Generally speaking, the record of these scholar-gentlemen has been a worthy one. It was good enough to be praised and imitated in 18th century Europe. Nevertheless, it has given China a tremendous handicap in their transition from government by men to government by law, and personal considerations in Chinese government have been a curse.

Later Jin (Five Dynasties) Chinese dynasty (936–947); one of the Five Dynasties

The Later Jìn, also called Shi Jin (石晉), was one of the Five Dynasties during the Five Dynasties and Ten Kingdoms period in China. It was founded by Shi Jingtang, who was posthumously titled "Gaozu". Liao, its original protector state, destroyed Later Jin by invading in 946 and 947, after Jin's second ruler, Shi Chonggui, fell out with them.


Xue is best known today for being the lead author of the monumental history book Old History of the Five Dynasties (974).

The Old History of the Five Dynasties was an official history of the Five Dynasties (907–960), which controlled much of northern China. It was compiled by the Song Dynasty official-scholar Xue Juzheng in the first two decades of the Song Dynasty, which was founded in 960. It is one of the Twenty-Four Histories recognized through Chinese history.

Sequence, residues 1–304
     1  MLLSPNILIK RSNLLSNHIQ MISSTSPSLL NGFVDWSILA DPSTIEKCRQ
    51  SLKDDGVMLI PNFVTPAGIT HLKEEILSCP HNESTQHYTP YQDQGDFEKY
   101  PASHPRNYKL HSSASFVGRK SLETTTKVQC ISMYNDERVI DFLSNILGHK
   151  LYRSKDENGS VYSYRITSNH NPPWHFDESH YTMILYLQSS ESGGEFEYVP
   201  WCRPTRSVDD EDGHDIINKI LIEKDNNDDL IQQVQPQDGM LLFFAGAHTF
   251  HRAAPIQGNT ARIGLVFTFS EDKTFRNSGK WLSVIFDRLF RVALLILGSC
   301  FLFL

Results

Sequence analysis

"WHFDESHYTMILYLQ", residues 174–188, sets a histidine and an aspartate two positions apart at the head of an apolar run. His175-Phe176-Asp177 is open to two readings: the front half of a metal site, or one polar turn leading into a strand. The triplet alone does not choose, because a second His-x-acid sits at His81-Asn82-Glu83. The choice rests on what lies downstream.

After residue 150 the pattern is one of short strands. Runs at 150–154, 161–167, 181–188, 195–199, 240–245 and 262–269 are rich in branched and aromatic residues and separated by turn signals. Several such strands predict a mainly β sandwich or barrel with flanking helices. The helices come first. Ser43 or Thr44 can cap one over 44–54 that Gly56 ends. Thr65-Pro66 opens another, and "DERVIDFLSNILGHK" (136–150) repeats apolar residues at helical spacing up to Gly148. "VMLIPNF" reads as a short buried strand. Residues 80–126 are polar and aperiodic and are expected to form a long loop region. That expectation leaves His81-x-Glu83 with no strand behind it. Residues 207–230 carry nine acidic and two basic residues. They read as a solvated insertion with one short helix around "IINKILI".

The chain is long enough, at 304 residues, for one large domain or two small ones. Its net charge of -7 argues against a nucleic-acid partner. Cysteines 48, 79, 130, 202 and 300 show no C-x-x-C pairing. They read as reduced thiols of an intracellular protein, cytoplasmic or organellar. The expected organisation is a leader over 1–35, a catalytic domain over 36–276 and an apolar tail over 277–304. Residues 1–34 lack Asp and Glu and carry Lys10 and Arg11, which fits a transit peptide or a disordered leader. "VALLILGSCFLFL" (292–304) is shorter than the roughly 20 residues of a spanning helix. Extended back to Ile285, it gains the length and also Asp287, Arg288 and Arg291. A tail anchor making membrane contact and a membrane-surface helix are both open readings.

During the Five Dynasties

Born during the Later Liang, Xue Juzheng was said to be studious and ambitious from a young age. In 934 during the Later Tang Xue failed the imperial examination and wrote "An Essay to Dispel Sorrows" (遣愁文), which was much praised. He passed the imperial examination the following year. [2]

Later Liang (Five Dynasties) one of the Five Dynasties of China